To Make Holy, Part 1

Paul wrote the church at Thessalonica (1 Thessalonians 5:12-18 NET):

Now we ask you, brothers and sisters, to acknowledge those who labor among you and preside over you in the Lord and admonish you, and to esteem them most highly in love because of their work.  Be at peace among yourselves.  And we urge you, brothers and sisters, admonish the undisciplined, comfort the discouraged, help the weak, be patient toward all.  See that no one pays back evil for evil to anyone, but always pursue what is good for one another and for all.  Always rejoice, constantly pray, in everything give thanks.  For this is God’s will for you in Christ Jesus.

At first glance it seems that Paul has written a fairly long list of “works” for believers to do.  But I want to break it down a little bit.

Now we ask you, brothers and sisters, to acknowledge (εἰδέναι, a form of εἴδω; to see, to notice)… …those who labor among you and preside over you in the Lord and admonish you…because of their work.
…and to esteem (ἡγεῖσθαι, a form of ἡγέομαι) them most highly (ὑπερεκπερισσοῦ) in love (ἀγάπῃ, a form of ἀγάπη)… But the fruit of the Spirit is love (ἀγάπη).

So how hard is it really for me to notice those—who labor for my benefit, preside over me in the Lord and admonish me—because of their work?  And then, once I have noticed, to take the love that wells up in me from the Holy Spirit and to esteem (or, lead) them [who labor so diligently on my behalf] most highly in love?  I see only two things that make this difficult or even impossible: 1) I am not led by the Spirit of God and so I do not have this love for those who benefit me so greatly nor do I have eyes to see them; or, 2) they do not admonish me to live by the Spirit of God yet still expect me to love them in my own strength according to a rule Paul commanded.  You will recognize them by their fruit,[1] Jesus said.

Be at peace (εἰρηνεύετε, a form of εἰρηνεύω) among yourselves. But the fruit of the Spirit is…peace (εἰρήνη, a form of εἰρήνη).

So how hard is really to be at peace with others?  Again, I see only two things that make this difficult or even impossible: 1) I am not led by the Spirit of God and so I do not have this peace to share with others; or, 2) they do not live by the Spirit of God but try to make peace in some arbitrary way according to a rule Paul commanded.

And we urge you, brothers and sisters, admonish (νουθετεῖτε, a form of νουθετέω) the undisciplined…

Paul used another form of νουθετέω earlier, those whoadmonish (νουθετοῦντας) you.  Admittedly, I don’t see a simple one-to-one correspondence with some aspect of the fruit of the Spirit here.  But Paul believed that he did this in the power of the Holy Spirit: God wanted to make known to them, Paul wrote the Colossians, the glorious riches of this mystery among the Gentiles, which is Christ in you, the hope of glory.  We proclaim him by instructing (νουθετοῦντες, another form of νουθετέω) and teaching all people with all wisdom so that we may present every person mature in Christ.  Toward this goal I also labor, struggling according to his power that powerfully works in me.[2]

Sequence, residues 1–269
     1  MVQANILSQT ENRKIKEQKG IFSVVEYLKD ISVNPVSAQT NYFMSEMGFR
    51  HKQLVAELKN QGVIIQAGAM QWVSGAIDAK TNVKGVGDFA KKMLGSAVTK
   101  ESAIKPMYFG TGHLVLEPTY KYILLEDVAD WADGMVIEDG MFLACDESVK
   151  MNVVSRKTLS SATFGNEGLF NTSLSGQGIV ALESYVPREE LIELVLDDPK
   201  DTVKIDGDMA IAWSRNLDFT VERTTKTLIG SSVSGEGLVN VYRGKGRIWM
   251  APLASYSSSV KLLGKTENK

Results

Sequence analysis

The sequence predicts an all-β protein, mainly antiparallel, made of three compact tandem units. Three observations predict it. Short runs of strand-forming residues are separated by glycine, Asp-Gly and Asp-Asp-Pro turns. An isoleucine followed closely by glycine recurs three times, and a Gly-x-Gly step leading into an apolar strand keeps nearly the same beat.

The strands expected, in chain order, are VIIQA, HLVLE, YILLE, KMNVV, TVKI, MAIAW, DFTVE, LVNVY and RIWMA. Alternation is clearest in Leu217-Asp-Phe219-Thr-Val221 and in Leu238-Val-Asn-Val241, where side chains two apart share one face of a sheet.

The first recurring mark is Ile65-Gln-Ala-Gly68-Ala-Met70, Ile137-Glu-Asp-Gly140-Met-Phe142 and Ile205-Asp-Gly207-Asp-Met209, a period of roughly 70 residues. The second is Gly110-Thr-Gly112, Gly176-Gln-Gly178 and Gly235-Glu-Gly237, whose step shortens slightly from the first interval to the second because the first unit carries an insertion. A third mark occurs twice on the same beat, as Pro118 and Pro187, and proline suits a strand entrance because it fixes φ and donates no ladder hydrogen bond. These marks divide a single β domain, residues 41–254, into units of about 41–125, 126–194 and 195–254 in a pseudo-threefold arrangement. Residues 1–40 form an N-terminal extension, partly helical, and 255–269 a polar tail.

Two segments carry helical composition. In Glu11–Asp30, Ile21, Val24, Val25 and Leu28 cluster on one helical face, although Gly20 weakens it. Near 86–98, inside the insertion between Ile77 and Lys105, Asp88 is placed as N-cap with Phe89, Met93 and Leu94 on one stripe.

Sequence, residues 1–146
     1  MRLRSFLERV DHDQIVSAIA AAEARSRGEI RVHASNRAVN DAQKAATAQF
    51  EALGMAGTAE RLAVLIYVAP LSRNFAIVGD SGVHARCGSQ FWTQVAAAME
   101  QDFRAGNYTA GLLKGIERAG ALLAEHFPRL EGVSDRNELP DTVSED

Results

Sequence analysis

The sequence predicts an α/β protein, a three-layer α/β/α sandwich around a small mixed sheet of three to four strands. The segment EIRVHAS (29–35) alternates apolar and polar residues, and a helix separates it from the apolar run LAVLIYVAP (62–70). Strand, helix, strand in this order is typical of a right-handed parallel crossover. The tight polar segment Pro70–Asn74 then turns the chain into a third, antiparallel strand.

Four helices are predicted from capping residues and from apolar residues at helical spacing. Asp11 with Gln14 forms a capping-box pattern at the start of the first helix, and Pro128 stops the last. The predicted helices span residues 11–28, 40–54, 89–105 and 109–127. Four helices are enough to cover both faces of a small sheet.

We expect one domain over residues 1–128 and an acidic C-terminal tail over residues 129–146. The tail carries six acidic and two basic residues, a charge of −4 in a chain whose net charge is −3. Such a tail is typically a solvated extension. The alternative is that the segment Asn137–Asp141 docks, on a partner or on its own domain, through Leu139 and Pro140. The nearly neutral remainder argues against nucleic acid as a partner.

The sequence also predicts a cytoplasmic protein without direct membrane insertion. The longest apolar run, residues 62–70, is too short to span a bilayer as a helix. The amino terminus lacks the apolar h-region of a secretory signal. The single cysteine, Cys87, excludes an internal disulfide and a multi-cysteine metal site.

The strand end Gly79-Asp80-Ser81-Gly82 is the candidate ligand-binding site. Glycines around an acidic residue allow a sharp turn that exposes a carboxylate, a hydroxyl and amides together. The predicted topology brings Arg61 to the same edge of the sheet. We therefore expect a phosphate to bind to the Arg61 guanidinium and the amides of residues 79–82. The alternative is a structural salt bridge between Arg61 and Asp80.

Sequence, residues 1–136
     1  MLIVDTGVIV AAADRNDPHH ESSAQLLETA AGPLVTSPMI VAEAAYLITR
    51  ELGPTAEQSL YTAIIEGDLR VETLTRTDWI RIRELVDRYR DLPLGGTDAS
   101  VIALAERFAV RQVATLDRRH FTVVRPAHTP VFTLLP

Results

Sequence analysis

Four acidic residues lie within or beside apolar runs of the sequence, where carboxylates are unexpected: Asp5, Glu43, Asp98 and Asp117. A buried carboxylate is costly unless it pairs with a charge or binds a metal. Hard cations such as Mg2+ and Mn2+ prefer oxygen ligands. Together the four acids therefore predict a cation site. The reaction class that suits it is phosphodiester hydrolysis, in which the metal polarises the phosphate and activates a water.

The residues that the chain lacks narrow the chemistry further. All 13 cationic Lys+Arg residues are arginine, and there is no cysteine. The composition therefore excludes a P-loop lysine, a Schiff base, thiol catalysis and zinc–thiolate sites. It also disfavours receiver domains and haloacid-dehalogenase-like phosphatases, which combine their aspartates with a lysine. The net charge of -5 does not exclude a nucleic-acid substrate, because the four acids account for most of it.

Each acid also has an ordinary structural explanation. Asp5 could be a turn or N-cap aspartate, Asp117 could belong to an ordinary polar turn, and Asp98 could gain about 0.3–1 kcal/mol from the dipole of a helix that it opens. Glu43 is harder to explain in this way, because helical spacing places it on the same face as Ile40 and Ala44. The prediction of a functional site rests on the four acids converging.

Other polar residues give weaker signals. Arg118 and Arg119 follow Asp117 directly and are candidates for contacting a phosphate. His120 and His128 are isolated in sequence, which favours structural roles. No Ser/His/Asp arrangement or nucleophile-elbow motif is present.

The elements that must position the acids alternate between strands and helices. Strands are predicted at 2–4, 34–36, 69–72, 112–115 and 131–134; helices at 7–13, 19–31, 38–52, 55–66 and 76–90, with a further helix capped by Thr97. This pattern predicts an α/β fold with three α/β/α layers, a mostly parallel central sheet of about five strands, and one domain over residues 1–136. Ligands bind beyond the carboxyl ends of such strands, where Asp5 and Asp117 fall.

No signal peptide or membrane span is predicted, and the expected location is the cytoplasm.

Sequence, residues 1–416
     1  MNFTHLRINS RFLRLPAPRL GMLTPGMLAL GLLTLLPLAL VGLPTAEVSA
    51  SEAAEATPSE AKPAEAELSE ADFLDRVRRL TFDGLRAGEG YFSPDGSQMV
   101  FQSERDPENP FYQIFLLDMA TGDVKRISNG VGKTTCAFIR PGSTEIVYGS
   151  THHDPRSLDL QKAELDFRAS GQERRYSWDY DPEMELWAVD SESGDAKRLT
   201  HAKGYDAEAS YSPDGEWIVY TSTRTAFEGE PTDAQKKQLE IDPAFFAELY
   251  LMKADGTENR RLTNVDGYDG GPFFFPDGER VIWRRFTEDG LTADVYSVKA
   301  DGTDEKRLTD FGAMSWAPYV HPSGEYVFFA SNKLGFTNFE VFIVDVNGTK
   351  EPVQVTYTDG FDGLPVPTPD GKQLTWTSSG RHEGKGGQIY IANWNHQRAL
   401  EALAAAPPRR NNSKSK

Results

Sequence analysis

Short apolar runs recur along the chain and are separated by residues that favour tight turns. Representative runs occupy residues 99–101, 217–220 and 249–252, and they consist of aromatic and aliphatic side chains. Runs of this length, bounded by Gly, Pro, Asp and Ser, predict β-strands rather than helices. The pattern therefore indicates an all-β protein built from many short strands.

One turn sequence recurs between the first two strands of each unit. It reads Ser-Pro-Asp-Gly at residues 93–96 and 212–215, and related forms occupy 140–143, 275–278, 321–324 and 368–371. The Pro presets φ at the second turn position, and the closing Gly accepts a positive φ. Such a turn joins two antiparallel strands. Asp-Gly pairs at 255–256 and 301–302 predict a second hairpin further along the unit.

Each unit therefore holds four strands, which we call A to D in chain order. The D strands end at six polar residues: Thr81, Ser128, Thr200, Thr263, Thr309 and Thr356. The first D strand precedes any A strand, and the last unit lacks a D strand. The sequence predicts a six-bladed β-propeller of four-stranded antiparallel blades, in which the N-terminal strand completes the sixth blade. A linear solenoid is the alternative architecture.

If someone isn’t up to the task of instructing and teaching the undisciplined, Let the word of Christ dwell in you richly, teaching and exhorting (νουθετοῦντες, another form of νουθετέω) one another with all wisdom, singing psalms, hymns, and spiritual songs, all with grace in your hearts to God.[3]  Just be sure those psalms, hymns, and spiritual songs proclaim the grace of God and the indwelling Spirit of Christ in you, the hope of glory rather than rules commanded by Paul or your church or your own imagination.

I’ll admit to being a bit gun-shy and perhaps even a little unfaithful about too many people attempting to instruct and teach as Paul did.  But he wrote Roman believers, I myself am fully convinced [in the God of hopeby the power of the Holy Spirit] about you, my brothers and sisters, that you yourselves are full of goodness, filled with all knowledge, and able to instruct (νουθετεῖν, another form of νουθετέω) one another.[4]  This goodness (ἀγαθωσύνης, a form of ἀγαθωσύνη) flowed from the Hoy Spirit: But the fruit of the Spirit isgoodness (ἀγαθωσύνη).

Paul wrote about how to admonish one another: if anyone does not obey (ὑπακούει, a form of ὑπακούω) our message through this letter, take note of him and do not associate closely with him, so that he may be ashamed.  Yet do not regard him as an enemy, but admonish (νουθετεῖτε, a form of νουθετέω) him as a brother.[5]  Even from among your own group men will arise, teaching perversions of the truth to draw the disciples away after them.  Therefore be alert, remembering that night and day for three years I did not stop warning (νουθετῶν, another form of νουθετέω) each one of you with tears.  And now I entrust you to God and to the message of his grace.  This message is able to build you up and give you an inheritance among all those who are sanctified (ἡγιασμένοις, another form of ἁγιάζω).[6]